### Computing cosine scores

### Efficient cosine ranking

Find the

*K*docs in the collection “nearest” to the query ⇒*K*largest query-doc cosines.

Efficient ranking:

Computing a single cosine efficiently.

Choosing the

*K*largest cosine values efficiently.

Can we do this without computing all

*N*cosines?

### Efficient cosine ranking

What we’re doing in effect: solving the

*K*-nearest neighbor problem for a query vector

In general, we do not know how to do this efficiently for high-dimensional spaces

But it is solvable for short queries, and standard indexes support this well

### Special case – unweighted queries

No weighting on query terms

Assume each query term occurs only once

Then for ranking, don’t need to normalize query vector

Slight simplification of algorithm from Lecture 6

### Computing the K largest cosines: selection vs. sorting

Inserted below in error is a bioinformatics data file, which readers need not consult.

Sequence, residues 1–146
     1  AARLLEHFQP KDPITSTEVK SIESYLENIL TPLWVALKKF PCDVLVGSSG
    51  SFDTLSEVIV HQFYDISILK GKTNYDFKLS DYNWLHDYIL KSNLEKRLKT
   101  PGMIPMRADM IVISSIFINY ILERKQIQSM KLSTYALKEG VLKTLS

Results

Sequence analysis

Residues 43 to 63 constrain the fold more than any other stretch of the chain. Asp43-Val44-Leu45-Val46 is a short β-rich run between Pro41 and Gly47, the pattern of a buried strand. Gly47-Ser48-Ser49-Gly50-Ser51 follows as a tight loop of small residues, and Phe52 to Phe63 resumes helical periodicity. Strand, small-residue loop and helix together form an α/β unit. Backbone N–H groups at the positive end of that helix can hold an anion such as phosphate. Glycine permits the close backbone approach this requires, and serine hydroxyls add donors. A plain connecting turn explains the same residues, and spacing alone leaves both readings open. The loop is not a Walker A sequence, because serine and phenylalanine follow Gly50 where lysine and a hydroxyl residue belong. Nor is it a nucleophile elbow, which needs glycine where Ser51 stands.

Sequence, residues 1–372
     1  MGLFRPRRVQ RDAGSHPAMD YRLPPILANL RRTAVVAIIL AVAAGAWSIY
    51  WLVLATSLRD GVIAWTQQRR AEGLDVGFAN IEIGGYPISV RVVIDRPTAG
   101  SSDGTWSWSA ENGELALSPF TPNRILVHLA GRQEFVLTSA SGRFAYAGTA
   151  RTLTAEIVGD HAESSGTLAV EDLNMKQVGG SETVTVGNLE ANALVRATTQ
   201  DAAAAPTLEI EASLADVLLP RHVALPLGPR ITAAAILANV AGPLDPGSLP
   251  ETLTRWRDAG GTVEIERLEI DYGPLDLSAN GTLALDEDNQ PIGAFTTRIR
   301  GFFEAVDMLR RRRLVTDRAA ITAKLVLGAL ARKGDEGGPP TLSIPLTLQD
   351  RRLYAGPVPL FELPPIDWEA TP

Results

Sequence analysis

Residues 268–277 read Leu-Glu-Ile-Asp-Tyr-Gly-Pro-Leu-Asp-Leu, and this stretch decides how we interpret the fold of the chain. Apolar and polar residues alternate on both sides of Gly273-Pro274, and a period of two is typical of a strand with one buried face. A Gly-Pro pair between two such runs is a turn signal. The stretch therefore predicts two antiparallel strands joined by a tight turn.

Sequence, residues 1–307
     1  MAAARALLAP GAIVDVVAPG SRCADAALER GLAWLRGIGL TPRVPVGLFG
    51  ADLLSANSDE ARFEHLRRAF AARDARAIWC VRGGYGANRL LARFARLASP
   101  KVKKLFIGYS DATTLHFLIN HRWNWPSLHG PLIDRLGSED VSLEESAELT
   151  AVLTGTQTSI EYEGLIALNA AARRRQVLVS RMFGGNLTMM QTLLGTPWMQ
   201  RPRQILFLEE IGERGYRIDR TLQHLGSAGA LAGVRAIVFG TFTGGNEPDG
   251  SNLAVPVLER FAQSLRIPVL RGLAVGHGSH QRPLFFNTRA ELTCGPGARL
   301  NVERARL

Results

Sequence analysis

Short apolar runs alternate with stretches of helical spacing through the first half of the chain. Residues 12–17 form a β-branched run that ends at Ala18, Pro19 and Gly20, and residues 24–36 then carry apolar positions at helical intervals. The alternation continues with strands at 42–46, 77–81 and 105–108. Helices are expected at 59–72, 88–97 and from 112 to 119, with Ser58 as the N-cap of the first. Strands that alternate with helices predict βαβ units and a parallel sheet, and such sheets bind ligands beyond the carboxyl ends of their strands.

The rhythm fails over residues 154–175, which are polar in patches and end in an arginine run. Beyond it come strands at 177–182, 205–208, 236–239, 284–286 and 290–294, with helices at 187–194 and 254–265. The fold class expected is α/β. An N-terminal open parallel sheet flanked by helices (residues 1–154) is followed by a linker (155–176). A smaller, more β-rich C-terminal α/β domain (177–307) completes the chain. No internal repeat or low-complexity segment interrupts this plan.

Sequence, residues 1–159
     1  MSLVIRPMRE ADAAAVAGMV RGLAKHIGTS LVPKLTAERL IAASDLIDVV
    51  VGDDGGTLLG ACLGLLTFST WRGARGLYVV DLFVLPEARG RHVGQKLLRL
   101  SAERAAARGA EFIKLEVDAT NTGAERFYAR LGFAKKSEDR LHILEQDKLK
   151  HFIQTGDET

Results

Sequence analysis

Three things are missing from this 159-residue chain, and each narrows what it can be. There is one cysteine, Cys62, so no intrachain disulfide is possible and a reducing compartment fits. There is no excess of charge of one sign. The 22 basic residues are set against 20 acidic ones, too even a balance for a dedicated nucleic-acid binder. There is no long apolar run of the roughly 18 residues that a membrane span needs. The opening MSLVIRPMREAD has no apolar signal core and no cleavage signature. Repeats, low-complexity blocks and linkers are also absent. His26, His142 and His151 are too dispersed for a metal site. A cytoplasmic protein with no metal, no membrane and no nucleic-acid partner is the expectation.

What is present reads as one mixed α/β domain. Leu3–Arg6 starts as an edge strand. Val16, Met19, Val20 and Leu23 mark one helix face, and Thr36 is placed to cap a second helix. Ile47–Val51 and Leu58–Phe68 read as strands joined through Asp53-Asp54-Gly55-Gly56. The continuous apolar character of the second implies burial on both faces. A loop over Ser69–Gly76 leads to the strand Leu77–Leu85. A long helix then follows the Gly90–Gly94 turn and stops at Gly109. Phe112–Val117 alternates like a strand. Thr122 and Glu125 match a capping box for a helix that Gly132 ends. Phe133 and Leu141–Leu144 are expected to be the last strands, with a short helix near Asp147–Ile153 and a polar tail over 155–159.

Typically we want to retrieve the top

*K*docs (in the cosine ranking for the query)

not to totally order all docs in the collection

Can we pick off docs with

*K*highest cosines?

Let

*J*= number of docs with nonzero cosines

We seek the

*K*best of these*J*

### Use heap for selecting top K

Binary tree in which each node’s value > the values of children

Takes

*2J*operations to construct, then each of*K*“winners” read off in 2log*J*steps.

For

*J*=1M,*K*=100, this is about 10% of the cost of sorting.

### Bottlenecks

Primary computational bottleneck in scoring: cosine computation

Can we avoid all this computation?

Yes, but may sometimes get it wrong

a doc

*not*in the top*K*may creep into the list of*K*output docs

Is this such a bad thing?

### Cosine similarity is only a proxy

User has a task and a query formulation

Cosine matches docs to query

Thus cosine is anyway a proxy for user happiness

If we get a list of

*K*docs “close” to the top*K*by cosine measure, should be ok